Former Coal India chairman Partha S Bhattacharyya has asked the Centre to withdraw a proposal to do away with mandatory coal washing as it would be a "retrograde" step.
He flagged that the inability of the PSU to implement its promise of supplying washed coal has led to the erosion of around Rs 1.25 lakh crore in market valuation in 10 years to 2019-20.
The Centre is planning to do away with the mandatory requirement of washing of coal before it is transported to thermal power stations.
In 2014, as part of its climate change commitments, the government had made coal washing mandatory for supply to all thermal units beyond 500 km from the coal mine.
This was done in line with the country's stand in climate change negotiations - not to reduce coal consumption and rather focus on emission control.
"The government is considering a proposal to do away with earlier restrictions of coal washing for dry fuel moving by 500 km or more or for the fuel consumed in and around any city," Bhattacharyya said.
"The proposal to withdraw the mandate for coal washing, mooted at MOEF&CC, is in my considered opinion, a very 'retrograde step'. Considering India's need to depend on coal-based thermal generation for a few more decades, it is felt that the existing mandate for coal washing, instead of being withdrawn should be enforced rigorously in letter and spirit," the former chairman and managing director said in a letter to C K Mishra, Secretary, Ministry of Environment, Forest and Climate Change.
Washing coal increases the efficiency and quality of the dry fuel, therefore increasing its price.
He further said that "for various reasons, the washery construction programme (of CIL to phase away supply of unwashed coal over a period of time) lost steam...till the MOEF&CC notified restriction of ash to 34 per cent for coal consumed by consumers at distances in excess of 500 km or in the vicinity of large cities."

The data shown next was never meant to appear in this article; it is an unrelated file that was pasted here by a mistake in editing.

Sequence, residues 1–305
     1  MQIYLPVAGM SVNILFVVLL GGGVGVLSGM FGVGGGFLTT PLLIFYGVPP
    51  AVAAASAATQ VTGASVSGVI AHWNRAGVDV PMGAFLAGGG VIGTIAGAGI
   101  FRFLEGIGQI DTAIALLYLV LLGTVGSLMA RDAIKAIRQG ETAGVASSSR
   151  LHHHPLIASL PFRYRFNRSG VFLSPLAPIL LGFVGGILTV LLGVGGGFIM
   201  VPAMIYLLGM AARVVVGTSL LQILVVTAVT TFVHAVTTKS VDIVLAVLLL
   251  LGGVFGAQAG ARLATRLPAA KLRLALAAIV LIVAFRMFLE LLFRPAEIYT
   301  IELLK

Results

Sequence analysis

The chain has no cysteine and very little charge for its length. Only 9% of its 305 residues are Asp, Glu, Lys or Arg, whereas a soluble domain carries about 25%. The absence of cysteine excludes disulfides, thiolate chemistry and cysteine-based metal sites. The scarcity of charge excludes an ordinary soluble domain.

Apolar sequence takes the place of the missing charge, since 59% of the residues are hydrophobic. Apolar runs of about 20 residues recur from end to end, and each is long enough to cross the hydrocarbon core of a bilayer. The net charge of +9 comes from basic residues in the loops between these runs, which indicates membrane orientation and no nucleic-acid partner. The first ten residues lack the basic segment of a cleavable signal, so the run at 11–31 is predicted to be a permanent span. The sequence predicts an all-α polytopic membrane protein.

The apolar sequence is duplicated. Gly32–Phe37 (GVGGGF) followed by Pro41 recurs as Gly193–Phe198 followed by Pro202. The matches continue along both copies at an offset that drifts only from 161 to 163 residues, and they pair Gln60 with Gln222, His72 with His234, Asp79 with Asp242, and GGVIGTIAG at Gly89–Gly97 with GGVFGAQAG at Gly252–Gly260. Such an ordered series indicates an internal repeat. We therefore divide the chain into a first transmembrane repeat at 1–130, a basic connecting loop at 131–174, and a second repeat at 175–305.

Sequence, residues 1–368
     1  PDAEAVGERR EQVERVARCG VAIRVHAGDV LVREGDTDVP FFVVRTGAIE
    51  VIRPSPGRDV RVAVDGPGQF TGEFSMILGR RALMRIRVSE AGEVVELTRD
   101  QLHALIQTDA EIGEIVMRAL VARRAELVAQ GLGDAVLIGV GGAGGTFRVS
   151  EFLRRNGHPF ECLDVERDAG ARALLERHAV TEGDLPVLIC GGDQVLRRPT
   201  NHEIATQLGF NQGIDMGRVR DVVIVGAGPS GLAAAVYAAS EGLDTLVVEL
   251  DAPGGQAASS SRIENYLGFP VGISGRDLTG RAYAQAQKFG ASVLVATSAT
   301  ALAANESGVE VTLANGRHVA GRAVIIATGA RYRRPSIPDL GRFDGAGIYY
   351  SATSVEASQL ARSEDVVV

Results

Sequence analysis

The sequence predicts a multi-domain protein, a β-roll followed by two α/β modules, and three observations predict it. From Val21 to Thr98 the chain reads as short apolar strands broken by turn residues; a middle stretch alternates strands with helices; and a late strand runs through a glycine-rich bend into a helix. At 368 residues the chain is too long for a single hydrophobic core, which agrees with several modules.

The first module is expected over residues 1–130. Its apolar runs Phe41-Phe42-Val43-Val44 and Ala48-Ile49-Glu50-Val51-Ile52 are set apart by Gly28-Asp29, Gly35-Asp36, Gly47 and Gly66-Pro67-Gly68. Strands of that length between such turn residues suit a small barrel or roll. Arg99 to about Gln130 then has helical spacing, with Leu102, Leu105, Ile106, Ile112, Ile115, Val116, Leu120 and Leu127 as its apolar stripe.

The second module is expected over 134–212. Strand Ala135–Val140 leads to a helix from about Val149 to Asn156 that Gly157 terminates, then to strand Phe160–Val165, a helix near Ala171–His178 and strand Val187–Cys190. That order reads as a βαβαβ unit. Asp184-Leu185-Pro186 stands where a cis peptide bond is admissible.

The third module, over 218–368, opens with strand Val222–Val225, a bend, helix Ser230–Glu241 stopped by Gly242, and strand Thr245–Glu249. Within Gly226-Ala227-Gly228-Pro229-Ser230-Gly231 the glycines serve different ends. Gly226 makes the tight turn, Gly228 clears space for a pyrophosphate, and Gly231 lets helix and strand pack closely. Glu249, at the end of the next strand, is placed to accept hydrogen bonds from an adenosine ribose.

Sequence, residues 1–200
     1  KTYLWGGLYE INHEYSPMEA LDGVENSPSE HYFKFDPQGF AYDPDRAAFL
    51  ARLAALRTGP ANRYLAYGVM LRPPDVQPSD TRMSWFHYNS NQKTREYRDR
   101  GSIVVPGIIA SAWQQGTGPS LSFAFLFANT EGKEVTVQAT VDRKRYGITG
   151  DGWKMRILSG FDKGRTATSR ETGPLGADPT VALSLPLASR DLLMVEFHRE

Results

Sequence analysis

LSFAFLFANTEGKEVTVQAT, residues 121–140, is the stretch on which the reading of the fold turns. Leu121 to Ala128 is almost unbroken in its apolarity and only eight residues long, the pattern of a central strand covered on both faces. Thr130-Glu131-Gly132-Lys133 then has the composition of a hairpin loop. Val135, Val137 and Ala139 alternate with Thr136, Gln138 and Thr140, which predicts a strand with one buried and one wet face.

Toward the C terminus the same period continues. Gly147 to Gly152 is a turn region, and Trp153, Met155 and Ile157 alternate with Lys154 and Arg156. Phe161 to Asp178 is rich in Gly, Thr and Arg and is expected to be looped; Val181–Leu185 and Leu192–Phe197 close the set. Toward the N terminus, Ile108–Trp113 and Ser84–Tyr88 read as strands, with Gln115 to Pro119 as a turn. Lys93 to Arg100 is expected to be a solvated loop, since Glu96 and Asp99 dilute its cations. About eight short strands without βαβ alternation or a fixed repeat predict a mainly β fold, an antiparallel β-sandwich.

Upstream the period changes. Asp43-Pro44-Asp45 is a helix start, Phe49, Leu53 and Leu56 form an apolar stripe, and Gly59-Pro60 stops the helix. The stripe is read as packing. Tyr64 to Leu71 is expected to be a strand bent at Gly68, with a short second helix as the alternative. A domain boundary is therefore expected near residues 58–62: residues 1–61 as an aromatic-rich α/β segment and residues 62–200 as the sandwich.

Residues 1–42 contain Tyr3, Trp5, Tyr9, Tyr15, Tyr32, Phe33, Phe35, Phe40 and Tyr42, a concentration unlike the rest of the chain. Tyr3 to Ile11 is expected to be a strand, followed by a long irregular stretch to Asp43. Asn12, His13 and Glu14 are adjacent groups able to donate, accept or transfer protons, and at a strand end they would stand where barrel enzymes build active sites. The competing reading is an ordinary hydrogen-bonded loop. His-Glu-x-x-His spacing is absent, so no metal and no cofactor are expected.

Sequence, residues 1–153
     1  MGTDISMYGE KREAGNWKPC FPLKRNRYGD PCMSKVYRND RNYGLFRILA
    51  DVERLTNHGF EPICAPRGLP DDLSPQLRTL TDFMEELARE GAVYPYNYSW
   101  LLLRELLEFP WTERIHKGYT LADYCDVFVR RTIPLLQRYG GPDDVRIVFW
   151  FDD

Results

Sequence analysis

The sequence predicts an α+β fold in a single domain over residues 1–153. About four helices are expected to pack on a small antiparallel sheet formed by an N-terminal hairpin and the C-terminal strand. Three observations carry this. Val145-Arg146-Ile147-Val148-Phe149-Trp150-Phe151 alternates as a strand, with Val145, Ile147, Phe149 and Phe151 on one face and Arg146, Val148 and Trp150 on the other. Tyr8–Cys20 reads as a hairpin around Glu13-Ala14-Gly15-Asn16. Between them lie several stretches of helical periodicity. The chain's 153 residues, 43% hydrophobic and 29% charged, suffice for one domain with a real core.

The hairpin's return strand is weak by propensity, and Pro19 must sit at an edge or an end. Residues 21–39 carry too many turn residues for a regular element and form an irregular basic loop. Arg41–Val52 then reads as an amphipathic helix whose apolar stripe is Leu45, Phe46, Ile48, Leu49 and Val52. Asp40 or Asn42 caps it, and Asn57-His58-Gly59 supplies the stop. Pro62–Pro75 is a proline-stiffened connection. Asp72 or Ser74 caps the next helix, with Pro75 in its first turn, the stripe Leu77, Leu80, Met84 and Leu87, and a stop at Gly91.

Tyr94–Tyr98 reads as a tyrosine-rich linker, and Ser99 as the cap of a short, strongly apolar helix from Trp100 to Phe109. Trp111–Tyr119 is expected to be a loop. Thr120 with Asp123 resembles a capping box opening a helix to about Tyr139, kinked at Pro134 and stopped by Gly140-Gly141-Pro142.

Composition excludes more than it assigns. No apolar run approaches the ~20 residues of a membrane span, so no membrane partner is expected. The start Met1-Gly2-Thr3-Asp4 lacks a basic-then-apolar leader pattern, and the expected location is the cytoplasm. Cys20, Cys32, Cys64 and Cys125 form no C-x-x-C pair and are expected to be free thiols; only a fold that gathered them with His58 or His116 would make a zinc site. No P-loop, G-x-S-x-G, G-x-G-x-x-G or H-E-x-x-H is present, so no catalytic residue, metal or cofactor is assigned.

The criteria could be fulfilled either by blending with low ash imported coal or by washing domestic coal.
On accounts of delays in setting up of washeries by CIL, blending with imported coal became the sought after option resulting in the rise of import of thermal coal substantially.
This perhaps explains, partly if not wholly, the rise in relatively expensive import of thermal coal for non-coastal consumers to over 120 million tonnes per annum entailing forex outgo of USD 8-9 billion, while CIL struggles with unmanageable accretion of coal stock even though the coal production is way below target.
The replacement of imported thermal coal by domestic coal will not only allow CIL to produce more coal but will also increase demand for domestic coal whereby, reduce dependence on imported coal substantially.
This will eventually also enable the government to carry out the auction of coal blocks successfully.
However, to remain consistent with climate change commitments, the coal must be largely washed to reduce ash below 34 per cent.
In other words, pursuing this strategy will require intensifying efforts in setting up coal washing capacity at the earliest, on a large scale.
Coal India accounts for over 80 per cent of domestic coal output.
(This story has not been edited by Business Standard staff and is auto-generated from a syndicated feed.)